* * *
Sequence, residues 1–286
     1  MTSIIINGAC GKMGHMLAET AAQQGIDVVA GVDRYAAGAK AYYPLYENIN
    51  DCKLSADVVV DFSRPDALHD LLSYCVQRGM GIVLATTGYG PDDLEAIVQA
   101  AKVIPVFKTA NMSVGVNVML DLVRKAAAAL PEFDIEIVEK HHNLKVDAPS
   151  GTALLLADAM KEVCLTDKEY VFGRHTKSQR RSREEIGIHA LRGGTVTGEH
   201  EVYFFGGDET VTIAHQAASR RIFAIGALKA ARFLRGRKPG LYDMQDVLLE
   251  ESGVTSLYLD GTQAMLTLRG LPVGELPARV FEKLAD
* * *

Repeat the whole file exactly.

Sequence, residues 1–286
     1  MTSIIINGAC GKMGHMLAET AAQQGIDVVA GVDRYAAGAK AYYPLYENIN
    51  DCKLSADVVV DFSRPDALHD LLSYCVQRGM GIVLATTGYG PDDLEAIVQA
   101  AKVIPVFKTA NMSVGVNVML DLVRKAAAAL PEFDIEIVEK HHNLKVDAPS
   151  GTALLLADAM KEVCLTDKEY VFGRHTKSQR RSREEIGIHA LRGGTVTGEH
   201  EVYFFGGDET VTIAHQAASR RIFAIGALKA ARFLRGRKPG LYDMQDVLLE
   251  ESGVTSLYLD GTQAMLTLRG LPVGELPARV FEKLAD